1056PD - Prognostic impact of immune response in resectable colorectal liver metastases treated with and without perioperative FOLFOX chemotherapy

Date 28 September 2014
Event ESMO 2014
Session Immunotherapy of cancer
Topics Anticancer Agents
Colon and Rectal Cancer
Biological Therapy
Presenter Erik Tanis
Citation Annals of Oncology (2014) 25 (suppl_4): iv361-iv372. 10.1093/annonc/mdu342
Authors E. Tanis1, C. Julie2, J. Emile2, B. Nordlinger3, M. Mauer4, D. Aust5, A.D. Roth6, M.P. Lutz7, T. Ruers8
  • 1Fellowship, EORTC, 1200 - Brussels/BE
  • 2Pathology, CHU Ambroise Pare, Paris/FR
  • 3Surgery, CHU Ambroise Pare, Paris/FR
  • 4Department Of Statistics, EORTC, Brussels/BE
  • 5Pathology, Universitatsklinikum Dresden, Dresden/DE
  • 6Oncosurgery, Hôpitaux Universitaires de Genève - HUG, 1211 - Geneva/CH
  • 7Medizinische Klinik, Caritasklinik St. Theresia, 66113 - Saarbrücken/DE
  • 8Surgical Oncology, Netherlands Cancer Institute, 1066CX - Amsterdam/NL




Chemotherapy can have a stimulating effect on local immune response and is associated with improved prognosis in primary colorectal cancer. It is unclear how the immune response in colorectal liver metastases is related to PFS and whether this may be influenced by systemic therapy.


A retrospective central collection of tumour tissue from patients included in the EORTC study 40983 was organised to assess the local immune response in relation to progression free survival (PFS) and FOLFOX chemotherapy. Patients with colorectal liver metastases were treated by either resection or resection with perioperative FOLFOX. Immunostaining on whole slides was performed to recognize T-lymphocytes (CD3+, CD4+, CD8+), B-lymphocytes (CD20+), macrophages (CD68+) and mastocytes (CD117+). Immunological response was quantified by image analysis on virtual slides at the tumour border (TNI), inside the tumour and in normal liver tissue surrounding the tumour (<2mm from the TNI). An immunoscore (0-4 pts) consisting of CD3+ and CD8+ lymphocytes at the TNI and inside the tumour was calculated. Immunological response was compared between arms and correlated to PFS. No type I error adjustment was made for multiple testing.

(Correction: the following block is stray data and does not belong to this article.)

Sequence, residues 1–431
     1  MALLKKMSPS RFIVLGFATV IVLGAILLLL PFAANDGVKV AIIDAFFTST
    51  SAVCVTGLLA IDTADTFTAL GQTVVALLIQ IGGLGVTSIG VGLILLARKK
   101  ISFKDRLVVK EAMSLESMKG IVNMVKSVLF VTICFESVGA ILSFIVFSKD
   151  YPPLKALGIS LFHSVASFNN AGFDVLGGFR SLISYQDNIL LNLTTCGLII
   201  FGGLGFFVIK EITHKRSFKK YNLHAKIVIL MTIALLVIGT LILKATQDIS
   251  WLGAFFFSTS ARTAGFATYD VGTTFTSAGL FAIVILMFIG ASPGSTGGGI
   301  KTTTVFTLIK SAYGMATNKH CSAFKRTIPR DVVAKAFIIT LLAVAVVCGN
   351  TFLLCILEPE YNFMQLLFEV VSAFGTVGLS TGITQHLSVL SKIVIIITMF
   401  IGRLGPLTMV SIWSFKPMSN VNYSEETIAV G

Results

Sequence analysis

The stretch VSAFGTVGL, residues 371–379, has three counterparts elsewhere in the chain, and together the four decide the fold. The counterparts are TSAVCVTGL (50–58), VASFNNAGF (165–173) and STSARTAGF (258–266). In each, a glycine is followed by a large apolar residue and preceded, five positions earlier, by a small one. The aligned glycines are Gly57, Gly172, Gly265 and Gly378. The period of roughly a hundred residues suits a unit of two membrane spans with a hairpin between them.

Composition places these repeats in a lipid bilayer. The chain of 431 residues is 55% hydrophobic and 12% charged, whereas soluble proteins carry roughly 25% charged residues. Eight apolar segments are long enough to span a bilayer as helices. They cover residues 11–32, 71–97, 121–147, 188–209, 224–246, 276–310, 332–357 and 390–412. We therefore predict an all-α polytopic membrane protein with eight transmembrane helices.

Tumour tissue and immune response profiles were available for 82 resected patients, 38 in the perioperative chemotherapy arm and 44 in the surgery alone arm. Median follow-up was 8.8 years. Patient demographics and baseline disease characteristics were similar between the treatment arms. After chemotherapy, we have observed higher CD3+ lymphocyte and mastocyte counts inside the tumour (p < 0.01), lower CD4+ lymphocytes (p = 0.02) and macrophage count in the normal liver tissue (p < 0.01) and also lower macrophage count at the TNI (p = 0.02). PFS was improved for higher mastocyte count in the tumour (HR 0.54 [95% CI 0.32-0.93], p = 0.03), higher CD3+ lymphocyte count at the TNI (HR 0.57 [95% CI 0.34-0.95], p = 0.03) and an immunoscore >2 (HR 0.51 [95% CI 0.27-0.96], p = 0.04).


Our analyses conducted for the first time in a randomised study suggest that chemotherapy independently influences immune cell profiles, and the immunoscore and intratumoral mastocytes appear to be of prognostic in a metastatic setting.


All authors have declared no conflicts of interest.